Editorial: Welcome decisions on energy, housing, pool

The new Hitchcock Center for the Environment building on the campus of Hampshire College.

This editorial was originally published in the Amherst Bulletin.

Three welcome decisions in Amherst now require net-zero-energy municipal buildings, ensure affordable housing at Presidential Apartments, and restore public swimming at the middle school pool.

Town Meeting on Nov. 8 voted 123-54 for the bylaw that mandates construction so all new and expanded town buildings produce, through renewable sources, as much energy as they consume. Supporters of the measure, led by Mothers Out Front and Climate Action Now, believe that Amherst is the first town in the state to adopt such a bylaw.

Proponents argued that Amherst should be a leader in responding immediately to the climate crisis, and that zero-energy buildings will become more common in many communities during the next decade. Before the vote, 40 Town Meeting members gave the Select Board a letter favoring the bylaw that stated: “The urgency related to climate change and reducing greenhouse gas emissions is increasing each year. Amherst must be bold in planning for resiliency in the face of the environmental and economic disruption.”

Though such buildings are more costly to construct, supporters contend that financial savings eventually result from their energy efficiency. The Kern Center at Hampshire College and the Hitchcock Center for the Environment building, also on the Hampshire campus, are two net-zero-energy structures recently completed in Amherst.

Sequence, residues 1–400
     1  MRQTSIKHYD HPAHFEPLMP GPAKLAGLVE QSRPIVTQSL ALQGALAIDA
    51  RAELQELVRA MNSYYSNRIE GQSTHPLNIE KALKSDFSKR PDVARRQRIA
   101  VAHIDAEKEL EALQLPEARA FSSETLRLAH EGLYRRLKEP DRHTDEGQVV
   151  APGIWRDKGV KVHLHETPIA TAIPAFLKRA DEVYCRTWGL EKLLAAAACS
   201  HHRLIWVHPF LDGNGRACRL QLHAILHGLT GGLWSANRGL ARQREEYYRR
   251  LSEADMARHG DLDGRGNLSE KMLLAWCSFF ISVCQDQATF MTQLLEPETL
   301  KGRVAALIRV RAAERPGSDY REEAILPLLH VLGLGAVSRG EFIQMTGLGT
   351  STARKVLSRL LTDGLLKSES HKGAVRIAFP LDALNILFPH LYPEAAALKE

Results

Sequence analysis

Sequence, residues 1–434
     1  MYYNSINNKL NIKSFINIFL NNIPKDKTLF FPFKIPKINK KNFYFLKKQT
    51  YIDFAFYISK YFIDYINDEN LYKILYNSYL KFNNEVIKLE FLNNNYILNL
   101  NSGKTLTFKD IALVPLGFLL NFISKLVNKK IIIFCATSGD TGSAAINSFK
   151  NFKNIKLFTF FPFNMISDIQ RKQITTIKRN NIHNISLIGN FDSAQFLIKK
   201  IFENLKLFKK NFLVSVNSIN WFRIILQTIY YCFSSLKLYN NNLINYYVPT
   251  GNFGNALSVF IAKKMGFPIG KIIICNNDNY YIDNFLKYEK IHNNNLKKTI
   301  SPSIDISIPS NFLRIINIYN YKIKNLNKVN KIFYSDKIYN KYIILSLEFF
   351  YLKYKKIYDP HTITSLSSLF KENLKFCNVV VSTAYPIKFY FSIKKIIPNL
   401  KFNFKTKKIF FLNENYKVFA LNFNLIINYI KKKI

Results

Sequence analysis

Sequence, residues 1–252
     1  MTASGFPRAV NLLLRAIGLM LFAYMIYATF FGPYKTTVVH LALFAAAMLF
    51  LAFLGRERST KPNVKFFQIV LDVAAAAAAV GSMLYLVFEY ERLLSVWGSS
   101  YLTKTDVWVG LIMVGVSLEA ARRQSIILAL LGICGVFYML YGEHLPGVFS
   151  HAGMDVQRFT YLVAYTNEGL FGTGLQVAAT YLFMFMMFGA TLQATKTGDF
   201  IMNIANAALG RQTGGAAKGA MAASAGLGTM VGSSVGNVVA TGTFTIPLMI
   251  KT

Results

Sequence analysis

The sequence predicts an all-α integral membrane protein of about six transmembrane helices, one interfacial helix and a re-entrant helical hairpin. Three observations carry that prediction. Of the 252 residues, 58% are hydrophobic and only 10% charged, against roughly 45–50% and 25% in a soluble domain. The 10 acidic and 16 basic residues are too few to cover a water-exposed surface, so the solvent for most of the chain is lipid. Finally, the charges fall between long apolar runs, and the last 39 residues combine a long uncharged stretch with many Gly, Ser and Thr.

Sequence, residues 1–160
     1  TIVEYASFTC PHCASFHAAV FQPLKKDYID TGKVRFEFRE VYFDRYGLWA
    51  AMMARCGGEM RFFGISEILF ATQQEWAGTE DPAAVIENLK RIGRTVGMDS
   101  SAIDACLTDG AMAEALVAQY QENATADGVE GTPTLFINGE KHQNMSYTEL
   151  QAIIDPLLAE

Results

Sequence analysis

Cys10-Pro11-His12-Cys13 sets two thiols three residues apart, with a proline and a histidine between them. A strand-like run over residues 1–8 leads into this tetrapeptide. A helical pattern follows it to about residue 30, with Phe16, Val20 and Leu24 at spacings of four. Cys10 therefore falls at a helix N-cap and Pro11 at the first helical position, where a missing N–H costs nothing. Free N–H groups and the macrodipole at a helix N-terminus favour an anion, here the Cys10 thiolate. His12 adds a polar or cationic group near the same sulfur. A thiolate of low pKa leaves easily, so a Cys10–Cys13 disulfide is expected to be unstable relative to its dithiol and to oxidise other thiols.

The bylaw governing municipal buildings such as a fire station in South Amherst and a new Department of Public Works headquarters was approved over the objections of the Select Board, whose members wanted more study before the town committed to rules that some fear are too restrictive.

No doubt town officials will face new challenges along with the architects and builders they hire to achieve the zero-energy standard. Supporters pledged to help town officials carry out the bylaw. Precinct 4 Town Meeting member Andra Rose said Monday, “We will work with the Select Board and DPW/Fire Station Advisory Committee to seek funds from state and federal governments, and private grants, and to connect officials and committees with experts who can answer technical questions.”

Town Meeting last week also adopted a resolution calling for Amherst to use 100 percent renewable energy by 2050. That goal, along with the net-zero-energy bylaw, are the kind of bold leadership needed in response to the climate crisis.

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